Wednesday, July 25, 2007

Knock, Knock

Knock, knock

It happened again.

I answered the front door - which was an interruption. It always is. Why don’t door knockers understand that they are interrupting? I was not waiting for the visit.

As a marketer I am always interested in what salespeople are doing and saying. But I don’t have much patience. And I can be more edgy then some. Yet I have some empathy because I knocked on a lot of doors as a sales person, fund raiser and political campaigner.

I opened the door.

“How are you today?” (A stupid opening.)

“What do you want?” was my reply.

He then backed several steps away and mumbled something I didn’t hear.

When he had retreated to a safe distance he recovered, “Hello, I am Roberto. We are doing a lot of business in your neighborhood and my boss sent me.”

“So who cares?” was my reply.

Then Roberto backed up even more and replied, “I’m sorry” and then he walked away.

I don’t know if I wanted what Roberto was selling. I don’t know what Roberto was selling. He clearly didn’t understand that I wanted to know what was in if for me before I would listen to anything else he had to say.

Poor, stupid Roberto. He didn’t know how to describe what he was selling – because he failed to clarify it in the first few seconds of contact. He failed to capture my interest.

He wasted my time by asking, “How are you today?” That question is both an insult and waste of time. I knew that he didn’t care “how I am today” yet he pretended to care. I was insulted by that. Too many telemarketers still start their call with that phrase.

I was interrupted and then he wasted my time by telling me his name and a stupid lie that they are doing a lot of business in the neighborhood. So by that point I didn’t like him or trust him. And I still didn’t know why I should listen.

After he wasted the first critical seconds of our contact I posed the question, “So who cares?” A question for which he was not prepared because he retreated. That was a question – not an objection. He had not told me what he was selling and refused to tell me. A question is just that – a question. I asked a question – gave him an opening - and he failed to pounce on it. Have you noticed how some sales people shut down when you ask them a direct question?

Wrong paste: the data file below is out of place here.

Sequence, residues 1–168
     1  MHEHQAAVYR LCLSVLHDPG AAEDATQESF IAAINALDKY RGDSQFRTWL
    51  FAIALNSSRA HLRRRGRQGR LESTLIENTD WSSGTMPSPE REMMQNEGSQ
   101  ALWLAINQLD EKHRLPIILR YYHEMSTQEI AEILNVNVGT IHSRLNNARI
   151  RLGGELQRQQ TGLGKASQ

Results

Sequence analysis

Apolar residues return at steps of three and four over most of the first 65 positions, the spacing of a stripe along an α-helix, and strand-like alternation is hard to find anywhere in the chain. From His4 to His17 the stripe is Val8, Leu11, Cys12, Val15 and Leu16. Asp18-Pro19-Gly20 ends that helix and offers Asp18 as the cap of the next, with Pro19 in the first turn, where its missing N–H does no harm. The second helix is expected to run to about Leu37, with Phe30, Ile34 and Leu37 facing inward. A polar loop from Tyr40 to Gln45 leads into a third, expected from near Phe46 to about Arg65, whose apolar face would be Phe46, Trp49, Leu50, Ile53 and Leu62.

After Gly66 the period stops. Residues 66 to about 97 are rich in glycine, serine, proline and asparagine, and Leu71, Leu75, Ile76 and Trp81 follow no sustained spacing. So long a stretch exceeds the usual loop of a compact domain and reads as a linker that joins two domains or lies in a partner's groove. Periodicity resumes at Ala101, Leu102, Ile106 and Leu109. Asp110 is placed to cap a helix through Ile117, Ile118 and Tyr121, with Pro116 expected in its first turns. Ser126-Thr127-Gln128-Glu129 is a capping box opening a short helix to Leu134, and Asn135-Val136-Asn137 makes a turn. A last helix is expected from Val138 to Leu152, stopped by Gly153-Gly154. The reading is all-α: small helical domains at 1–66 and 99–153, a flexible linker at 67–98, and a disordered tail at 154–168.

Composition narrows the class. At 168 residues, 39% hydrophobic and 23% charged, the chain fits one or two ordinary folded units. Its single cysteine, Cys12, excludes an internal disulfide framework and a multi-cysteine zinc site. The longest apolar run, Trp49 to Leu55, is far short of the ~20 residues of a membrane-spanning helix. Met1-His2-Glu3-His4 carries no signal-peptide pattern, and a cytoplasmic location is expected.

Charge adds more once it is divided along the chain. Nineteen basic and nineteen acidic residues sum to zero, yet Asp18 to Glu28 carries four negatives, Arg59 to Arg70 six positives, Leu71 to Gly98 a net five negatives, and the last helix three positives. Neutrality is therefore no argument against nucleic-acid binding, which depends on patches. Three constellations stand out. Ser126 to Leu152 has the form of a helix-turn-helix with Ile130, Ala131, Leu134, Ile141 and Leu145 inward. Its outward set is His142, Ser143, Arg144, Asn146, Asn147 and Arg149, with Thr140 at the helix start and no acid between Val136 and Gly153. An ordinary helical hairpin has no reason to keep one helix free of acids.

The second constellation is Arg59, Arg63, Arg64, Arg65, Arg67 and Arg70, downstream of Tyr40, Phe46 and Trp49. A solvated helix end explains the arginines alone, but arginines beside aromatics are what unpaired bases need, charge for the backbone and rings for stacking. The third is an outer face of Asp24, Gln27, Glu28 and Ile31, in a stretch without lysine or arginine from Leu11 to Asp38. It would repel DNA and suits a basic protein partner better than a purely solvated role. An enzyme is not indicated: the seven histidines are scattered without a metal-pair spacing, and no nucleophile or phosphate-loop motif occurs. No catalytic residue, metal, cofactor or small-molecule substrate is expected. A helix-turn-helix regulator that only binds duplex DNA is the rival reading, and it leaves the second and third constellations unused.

Poor, stupid Roberto. He failed to engage me in the first critical seconds of contact. I wonder if he will play back that scene and analyze it so he can correct his behavior for next time. If not then he wasted his time as well as mine. At least I got a story for my blog.

So what can you use from this incident?

1. Questions might just be questions.
2. Always be prepared for your worst questions.
3. Be prepared to adapt to different styles of your listener.
4. Time is a valuable resource – don’t waste it.
5. The first few seconds of contact can make or break the sale.
6. Ask yourself “So who cares?” before you deliver your sales presentation.

For more tough questions and a Marketing Tune Up contact;

George Torok
Marketing Agitator

Thursday, July 19, 2007

Marketing Art or Science?

Marketing Art or Science

Is marketing an art or a science? The answer is yes. Marketing is both – an art and a science.

Marketing Science
Marketing is a science because marketing is about understanding and influencing behaviors. Psychology, the science of behaviors, studies how people react to certain stimuli in predictable ways. This is similar to Newton’s’ third law – cause and effect.

Marketing Art
Marketing is an art because marketing is about appreciating the nuances of human behaviors. Beauty is in the eye of the beholder. Beauty is art.

Marketing Science
Marketing is a science because marketing is about measuring and analyzing the numbers. How many do you reach? How many read your message? How many do you convert to buyers? How much do they spend? How many buy again? These are numeric questions and answers and important to the success of your marketing.

Marketing Art
Marketing is art because marketing is creating a demand for your product. Some of that demand is immediate and some of it is in the future. You can try to use science to predict the future part but you might pick a number based on art. There is always an unknown aspect that we attribute to art.

Marketing Science
Marketing is a science because the most common question is “How much money should I spend on marketing?” The business owner and the accountants want the answer to this question. It’s a good question but the more important question is, “What return can you expect from your marketing investment?”

Marketing Art
Marketing is an art because there is the issue of branding which is difficult to measure. To generate a good return on your marketing investment requires a creative approach. That means apply the art of marketing.

Of course the argument of science versus art over marketing could go on. Is it art? Is it science?

I believe that many marketers try to portray marketing as art. And hence they give up responsibility for their marketing programs. They suggest that marketing is all chance. Instead it is a science that should draw upon the art. Don’t let art dictate the direction of your marketing. Use science to determine major decisions and use the art for the nuances.